Subspace gave humanity the stars and the opportunity to be the Dakn Empire’s latest conquest. Given the choice of slavery or extermination, which will humans choose?

This story went on a lot longer than the slender plot could carry. The eventual solution is rather arbitrary.

The author was a University of Michigan professor of biology who also wrote a few SF stories on the side. He may be remembered as the memory-RNA guy, but is probably better known as one of the victims of the Unabomber. He suffered hearing loss but survived the explosion.

This was the first time I had read this story.

Chance Encounter” • [John Grimes] • (1959) • short story by A. Bertram Chandler

First contact offers a lonely telepath a chance at true love… except that there’s a catch.

The telepath has discovered that the human female telepaths he meets are often ugly and stupid. He finds that alien telepaths aren’t.

This was my first encounter with this story, though I was familiar with some of the events mentioned therein. The important discovery made in this story is referenced in later Grimes stories.

Allamagoosa” • (1955) • short story by Eric Frank Russell

Fearing an audit’s outcome, a starship crew figures out what they hope is a cunning way to conceal losses of ship’s equipment.

This story is MilSF adjacent. Combat plays no role in the story; the struggle is between enlistees and military bureaucracy. I suspect it may have been sparked by WWII memories.

I first encountered this story in the Hugo-Award two-book collection that the SFBC offered as an enticement to new members.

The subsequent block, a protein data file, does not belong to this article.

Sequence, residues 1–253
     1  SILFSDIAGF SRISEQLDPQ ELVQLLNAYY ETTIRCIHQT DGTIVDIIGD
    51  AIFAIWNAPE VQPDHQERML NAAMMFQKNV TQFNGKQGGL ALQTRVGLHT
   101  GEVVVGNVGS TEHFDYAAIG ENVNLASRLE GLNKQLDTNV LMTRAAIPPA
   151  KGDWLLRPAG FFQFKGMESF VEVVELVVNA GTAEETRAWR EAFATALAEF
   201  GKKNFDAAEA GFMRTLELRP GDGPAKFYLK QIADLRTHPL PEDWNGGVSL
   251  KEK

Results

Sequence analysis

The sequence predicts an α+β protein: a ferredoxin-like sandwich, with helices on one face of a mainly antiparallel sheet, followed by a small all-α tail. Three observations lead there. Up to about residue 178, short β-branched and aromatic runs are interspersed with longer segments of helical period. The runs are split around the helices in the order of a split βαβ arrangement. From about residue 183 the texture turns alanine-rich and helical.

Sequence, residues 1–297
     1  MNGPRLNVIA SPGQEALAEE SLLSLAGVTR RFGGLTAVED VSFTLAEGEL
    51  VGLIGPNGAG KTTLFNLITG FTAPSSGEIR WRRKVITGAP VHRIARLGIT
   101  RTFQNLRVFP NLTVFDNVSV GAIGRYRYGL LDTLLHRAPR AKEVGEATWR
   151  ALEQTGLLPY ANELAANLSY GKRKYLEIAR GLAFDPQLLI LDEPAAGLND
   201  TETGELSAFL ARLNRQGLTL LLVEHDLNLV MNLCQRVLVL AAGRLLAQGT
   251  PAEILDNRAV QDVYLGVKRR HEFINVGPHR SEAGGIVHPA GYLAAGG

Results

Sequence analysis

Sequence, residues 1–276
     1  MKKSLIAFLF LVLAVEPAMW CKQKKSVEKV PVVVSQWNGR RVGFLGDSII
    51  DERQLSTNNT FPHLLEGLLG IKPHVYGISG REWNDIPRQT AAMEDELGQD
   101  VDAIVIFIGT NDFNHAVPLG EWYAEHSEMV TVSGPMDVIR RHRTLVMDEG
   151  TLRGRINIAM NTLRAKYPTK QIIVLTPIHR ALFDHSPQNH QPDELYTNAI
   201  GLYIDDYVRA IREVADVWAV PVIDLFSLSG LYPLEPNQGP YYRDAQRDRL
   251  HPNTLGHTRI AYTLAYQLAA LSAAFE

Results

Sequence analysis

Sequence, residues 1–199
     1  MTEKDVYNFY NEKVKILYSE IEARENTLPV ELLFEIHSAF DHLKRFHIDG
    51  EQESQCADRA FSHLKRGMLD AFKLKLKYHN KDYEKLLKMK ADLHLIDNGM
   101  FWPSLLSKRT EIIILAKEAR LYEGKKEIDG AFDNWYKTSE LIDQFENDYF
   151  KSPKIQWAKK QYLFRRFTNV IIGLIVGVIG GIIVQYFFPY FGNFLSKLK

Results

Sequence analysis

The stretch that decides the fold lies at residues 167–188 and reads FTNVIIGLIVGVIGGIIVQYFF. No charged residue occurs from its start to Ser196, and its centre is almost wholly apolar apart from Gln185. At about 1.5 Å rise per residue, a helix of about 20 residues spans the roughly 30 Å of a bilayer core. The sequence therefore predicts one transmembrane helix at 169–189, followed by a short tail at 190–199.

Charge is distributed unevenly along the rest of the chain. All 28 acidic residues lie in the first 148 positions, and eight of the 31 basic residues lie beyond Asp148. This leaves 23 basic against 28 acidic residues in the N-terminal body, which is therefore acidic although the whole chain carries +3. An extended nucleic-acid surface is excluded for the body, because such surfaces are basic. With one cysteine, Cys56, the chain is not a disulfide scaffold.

Founding Father” • (1965) • short story by Isaac Asimov

Castaways discover that the deadly world on which they are marooned is beyond their limited ability to transform or even survive. Despite this, there is a happy ending of sorts.

Modern readers as yet unconvinced that terraforming is moral might be aghast that the castaways want to transform a world with a unique chemical cycle into a boring N2/O2 world. In their defense, the starfarers were vexed because that unique chemical cycle was killing them.

I first encountered this in story in Buy Jupiter and Other Stories, which I loaned to someone in 1977 and never got back.

Wings Out of Shadow • [Berserker (Fred Saberhagen)] • (1974) • novelette by Fred Saberhagen

A human finds himself the prisoner of a relentless killing machine and its human goodlife3 quisling. He must somehow mislead the foe into self-destruction even though he cannot speak anything other than the truth.

Stories about true but misleading statements are frequently found in SF, enough to fill an anthology.

Much to my annoyance, I found myself purchasing this story three times over in short succession: in The Best From If Volume 2, The Ultimate Enemy, and The Spear of Mars. Why do I own so much stuff by an author whose work I don’t much care for” is the running theme of my Saberhagen collection.

1: The tendency of any three Laumer collections to have two collections worth of stories.

2: Among the many editors who anthologized this story was the other Martin Greenberg, co-founder of Gnome Press. He occasionally paid his authors. I suspect that the editor of Starships went by the names Martin H. Greenberg or Martin Harry Green in order to avoid mistaken identification with the non-paying Martin Greenberg.

3: I’ve always wondered if the founders of the Canadian fitness chain Goodlife Fitness had first read the word goodlife’ in Saberhagen.

Despite similarities between the Berserkers and the Doomsday Machine in the Star Trek episode The Doomsday Machine,” the inspiration for the episode (written by Norman Spinrad) wasn’t Saberhagen, but rather Melville’s Moby Dick.